1pNSa6. A method for predicting train noise in subway stations.

Session: Monday Afternoon, December 2

Time: 3:40

Author: Jian Kang
Location: The Martin Ctr., Cambridge Univ., 6 Chaucer Rd., Cambridge CB2 2EB, UK


Subway stations are typically long enclosures, where classical room acoustic theory is inappropriate [J. Kang, J. Acoust. Soc. Am. 99 (1996)]. In this research, a computer model for predicting the temporal and spatial distribution of train noise in subway stations is developed [J. Kang, J. Sound and Vib. 194 (1996)]. The train is regarded as a series of sections, and the train noise distribution in a station is calculated by inputting the sound attenuation from a train section source in the subway system (i.e., the station and tunnel). This input can be obtained by physical scale modeling. The prediction in a subway station shows good agreement with the site measurements. A series of computations in the station demonstrates that: (1) the overall level of the train noise in the area near the end walls is slightly less than the other areas; (2) some conventional architectural acoustic treatments in the station are effective when a train is still in the tunnel but not as helpful when the train is already in the station; and (3) train noise typically decreases the speech transmission index of public address systems to below 0.5. [Work supported by MTRC, ORS, and COT.]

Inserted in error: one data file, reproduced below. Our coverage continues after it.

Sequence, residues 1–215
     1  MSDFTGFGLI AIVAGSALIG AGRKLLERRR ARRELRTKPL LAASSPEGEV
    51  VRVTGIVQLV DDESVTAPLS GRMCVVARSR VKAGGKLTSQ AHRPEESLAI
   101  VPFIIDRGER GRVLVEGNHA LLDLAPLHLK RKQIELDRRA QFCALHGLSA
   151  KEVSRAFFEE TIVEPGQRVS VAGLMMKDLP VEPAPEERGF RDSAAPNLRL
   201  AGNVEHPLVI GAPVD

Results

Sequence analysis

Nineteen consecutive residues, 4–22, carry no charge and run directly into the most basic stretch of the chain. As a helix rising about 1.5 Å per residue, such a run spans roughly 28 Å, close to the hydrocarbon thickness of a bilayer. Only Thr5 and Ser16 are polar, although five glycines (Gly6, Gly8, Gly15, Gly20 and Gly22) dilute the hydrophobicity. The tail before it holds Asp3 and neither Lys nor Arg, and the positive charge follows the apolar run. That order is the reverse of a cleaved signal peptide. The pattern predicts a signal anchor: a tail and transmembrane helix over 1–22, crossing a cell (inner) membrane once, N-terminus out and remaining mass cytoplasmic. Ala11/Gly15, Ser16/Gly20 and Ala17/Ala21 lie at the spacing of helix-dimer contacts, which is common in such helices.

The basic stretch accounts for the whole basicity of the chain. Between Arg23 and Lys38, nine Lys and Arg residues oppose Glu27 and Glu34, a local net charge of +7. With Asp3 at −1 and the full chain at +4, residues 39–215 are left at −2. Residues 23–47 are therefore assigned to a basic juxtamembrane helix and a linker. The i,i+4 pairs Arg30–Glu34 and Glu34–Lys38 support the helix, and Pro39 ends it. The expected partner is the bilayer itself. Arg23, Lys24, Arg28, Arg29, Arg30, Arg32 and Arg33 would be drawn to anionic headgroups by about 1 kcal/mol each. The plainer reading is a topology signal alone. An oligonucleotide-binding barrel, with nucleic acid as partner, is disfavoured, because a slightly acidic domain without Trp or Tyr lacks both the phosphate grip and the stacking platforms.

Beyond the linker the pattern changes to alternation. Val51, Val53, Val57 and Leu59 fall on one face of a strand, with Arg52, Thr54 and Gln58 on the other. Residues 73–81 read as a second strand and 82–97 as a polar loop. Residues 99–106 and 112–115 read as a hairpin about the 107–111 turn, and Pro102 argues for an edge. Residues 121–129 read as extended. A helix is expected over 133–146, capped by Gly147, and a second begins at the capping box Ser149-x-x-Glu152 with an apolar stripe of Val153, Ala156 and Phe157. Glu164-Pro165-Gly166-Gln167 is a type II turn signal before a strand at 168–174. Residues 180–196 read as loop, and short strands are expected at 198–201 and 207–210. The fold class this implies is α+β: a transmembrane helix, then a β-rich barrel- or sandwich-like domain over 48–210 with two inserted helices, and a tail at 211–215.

ASA 132nd meeting - Hawaii, December 1996